Grischa Lichtenberger is not an artist I would have thought well suited to collaboration. Stylistically, he is often compared to Autechre, although I have always thought of his productions as existing completely in a sphere of their own. Tropes of Glitch and EDM are forced through a mesh of ultra-computerised processing. Given the highly unique and also often conceptual nature of his work, it can be difficult to imagine his sound jelling effectively with another artists.
Casually proving me wrong however, comes ‘Conversations Sur Lettres Mortes’ (or ‘CSLM’ for those short on time). The Cosmo Rhythmatic released EP sees Lichtenberger team up with Where To Now? affiliate Jess Osborne-Lanthier. Based in Montreal (where the collaboration was formed), Osborne-Lanthier on the other hand definitely isn’t short of collaborations to date. Alongside working in groups like Femminielli Noir and Mor†, he has also co-released with everyone from Raster-Noton legend Robert Lippok, to Hobo Cult founder Francesco De Gallo.
‘CSLM’ is derived from several live shows Lichtenberger and Osborne-Lanthier put together for Mutek in 2014. The duo used cathode-ray TV sets and VHS units to create an array of churning rhythmic experiments, both dense and complex. Take the groaning ‘Comcast’ for example, creaking like the bows of a ship caught in a heavy storm. ‘Good Morning America’ on the other hand feels like trying to walk across a thick layer of PVA glue - disjointed percussion and sandpaper-like blasts of static firing off at awkward intervals.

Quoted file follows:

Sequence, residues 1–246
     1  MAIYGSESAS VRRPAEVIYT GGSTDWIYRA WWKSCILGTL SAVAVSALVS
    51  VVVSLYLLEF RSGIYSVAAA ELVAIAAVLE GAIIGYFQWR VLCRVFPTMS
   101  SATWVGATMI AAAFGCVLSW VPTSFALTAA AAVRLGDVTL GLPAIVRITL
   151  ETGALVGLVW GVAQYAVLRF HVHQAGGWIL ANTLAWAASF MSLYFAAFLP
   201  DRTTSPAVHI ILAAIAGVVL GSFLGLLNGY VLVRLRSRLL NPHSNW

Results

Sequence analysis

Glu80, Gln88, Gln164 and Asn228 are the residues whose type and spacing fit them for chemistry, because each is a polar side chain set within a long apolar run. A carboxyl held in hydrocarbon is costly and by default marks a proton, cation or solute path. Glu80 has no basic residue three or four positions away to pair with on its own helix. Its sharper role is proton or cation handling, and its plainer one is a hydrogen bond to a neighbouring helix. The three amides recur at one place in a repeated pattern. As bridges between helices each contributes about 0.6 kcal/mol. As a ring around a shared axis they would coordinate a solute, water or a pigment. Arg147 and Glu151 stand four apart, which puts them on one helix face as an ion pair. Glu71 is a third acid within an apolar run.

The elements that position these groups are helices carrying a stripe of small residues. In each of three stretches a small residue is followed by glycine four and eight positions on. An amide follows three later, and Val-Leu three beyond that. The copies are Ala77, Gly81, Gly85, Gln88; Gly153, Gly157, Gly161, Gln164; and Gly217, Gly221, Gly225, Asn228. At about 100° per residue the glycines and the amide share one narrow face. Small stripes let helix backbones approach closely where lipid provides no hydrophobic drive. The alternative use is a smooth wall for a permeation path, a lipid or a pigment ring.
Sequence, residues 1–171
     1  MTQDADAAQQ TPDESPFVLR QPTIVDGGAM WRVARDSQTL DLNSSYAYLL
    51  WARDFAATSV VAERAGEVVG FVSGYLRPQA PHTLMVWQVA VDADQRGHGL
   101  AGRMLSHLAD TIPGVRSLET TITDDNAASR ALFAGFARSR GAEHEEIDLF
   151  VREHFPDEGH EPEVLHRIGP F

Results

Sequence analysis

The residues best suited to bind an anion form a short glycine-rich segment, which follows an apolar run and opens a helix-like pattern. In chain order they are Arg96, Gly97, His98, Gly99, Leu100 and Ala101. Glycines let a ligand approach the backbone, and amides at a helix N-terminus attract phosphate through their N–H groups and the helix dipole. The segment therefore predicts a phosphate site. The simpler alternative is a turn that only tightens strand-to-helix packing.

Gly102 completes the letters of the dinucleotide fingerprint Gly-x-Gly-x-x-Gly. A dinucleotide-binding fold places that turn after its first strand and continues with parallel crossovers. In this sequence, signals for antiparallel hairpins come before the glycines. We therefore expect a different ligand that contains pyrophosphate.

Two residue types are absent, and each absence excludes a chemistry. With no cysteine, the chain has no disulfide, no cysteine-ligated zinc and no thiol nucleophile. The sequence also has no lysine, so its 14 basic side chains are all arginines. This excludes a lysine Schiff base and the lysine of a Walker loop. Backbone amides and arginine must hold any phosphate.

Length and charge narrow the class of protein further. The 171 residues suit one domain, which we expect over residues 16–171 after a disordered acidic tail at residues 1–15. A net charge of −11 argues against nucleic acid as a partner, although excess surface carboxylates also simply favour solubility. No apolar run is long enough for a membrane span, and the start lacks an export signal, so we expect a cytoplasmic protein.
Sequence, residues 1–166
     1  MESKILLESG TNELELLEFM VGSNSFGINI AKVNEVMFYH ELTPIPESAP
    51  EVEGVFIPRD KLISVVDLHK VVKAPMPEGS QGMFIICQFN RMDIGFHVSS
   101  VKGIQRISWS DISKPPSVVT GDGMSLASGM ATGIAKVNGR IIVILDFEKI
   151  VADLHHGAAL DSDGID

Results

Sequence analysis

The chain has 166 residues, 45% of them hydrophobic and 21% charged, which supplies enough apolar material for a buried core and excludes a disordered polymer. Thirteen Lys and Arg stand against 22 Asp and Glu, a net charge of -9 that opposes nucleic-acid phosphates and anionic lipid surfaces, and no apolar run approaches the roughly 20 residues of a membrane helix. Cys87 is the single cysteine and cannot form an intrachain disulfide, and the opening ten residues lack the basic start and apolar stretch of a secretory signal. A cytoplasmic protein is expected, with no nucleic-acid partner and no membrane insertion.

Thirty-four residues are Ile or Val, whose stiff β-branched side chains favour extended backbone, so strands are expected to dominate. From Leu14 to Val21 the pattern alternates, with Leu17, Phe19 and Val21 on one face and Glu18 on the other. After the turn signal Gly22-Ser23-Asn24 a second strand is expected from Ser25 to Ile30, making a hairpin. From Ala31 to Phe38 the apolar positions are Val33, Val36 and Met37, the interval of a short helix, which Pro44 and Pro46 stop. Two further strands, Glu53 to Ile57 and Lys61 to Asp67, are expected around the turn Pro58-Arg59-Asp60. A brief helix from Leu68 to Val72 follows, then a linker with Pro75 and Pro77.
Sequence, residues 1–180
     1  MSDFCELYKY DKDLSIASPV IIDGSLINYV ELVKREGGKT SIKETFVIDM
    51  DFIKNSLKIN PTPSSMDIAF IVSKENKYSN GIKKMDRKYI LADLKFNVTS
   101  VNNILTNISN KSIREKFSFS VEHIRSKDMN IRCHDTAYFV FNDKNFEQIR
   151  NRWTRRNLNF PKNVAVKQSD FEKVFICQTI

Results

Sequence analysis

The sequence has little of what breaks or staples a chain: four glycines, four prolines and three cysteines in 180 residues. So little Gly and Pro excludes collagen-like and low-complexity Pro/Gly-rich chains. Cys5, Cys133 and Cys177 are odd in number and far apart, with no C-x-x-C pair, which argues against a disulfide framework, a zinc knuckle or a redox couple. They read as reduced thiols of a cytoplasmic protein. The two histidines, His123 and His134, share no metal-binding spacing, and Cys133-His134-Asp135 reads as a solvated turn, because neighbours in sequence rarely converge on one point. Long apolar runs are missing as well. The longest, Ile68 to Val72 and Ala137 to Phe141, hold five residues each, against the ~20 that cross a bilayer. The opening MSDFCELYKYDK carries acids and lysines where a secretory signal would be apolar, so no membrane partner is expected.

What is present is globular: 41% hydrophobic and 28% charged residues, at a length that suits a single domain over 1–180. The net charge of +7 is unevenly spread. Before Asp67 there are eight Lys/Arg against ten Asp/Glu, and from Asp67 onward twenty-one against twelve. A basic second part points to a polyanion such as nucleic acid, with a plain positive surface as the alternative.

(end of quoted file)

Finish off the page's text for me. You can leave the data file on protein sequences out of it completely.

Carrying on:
Considering the EP enjoys such a consistent tonal palette, it is impressive that the duo manage to explore such a wide range of tempos at the same time. ’4% (Maurice)’ darts forward with jackhammer kicks and single note glitches building in tension incessantly. Opener ‘CRT Creeper’ on the other hand plods forward aimlessly, both languid and imposing.
The EP also features remixes from a selection of similarly highly-acclaimed sound-manipulators. In Paradisum breakthrough Low Jack turns ‘CRT Creeper’ into a thundering cacophony of almost footwork style drums, while Hungarian artist Gábor Lázár and Tri Angle’s Rabit attempt to outdo each other with increasingly abstract takes on ‘Good Morning America’ & ‘4% (Maurice)’.
Arguably the remixes don’t add a massive amount to the release, however placed in the b-side they make a nice bonus offering for those looking for some variations on the originals. The also certainly don’t detract from collaboration, which sees Lichtenberger at his most raw and uncompromising, and Osborne-Lanthier at his most frenzied.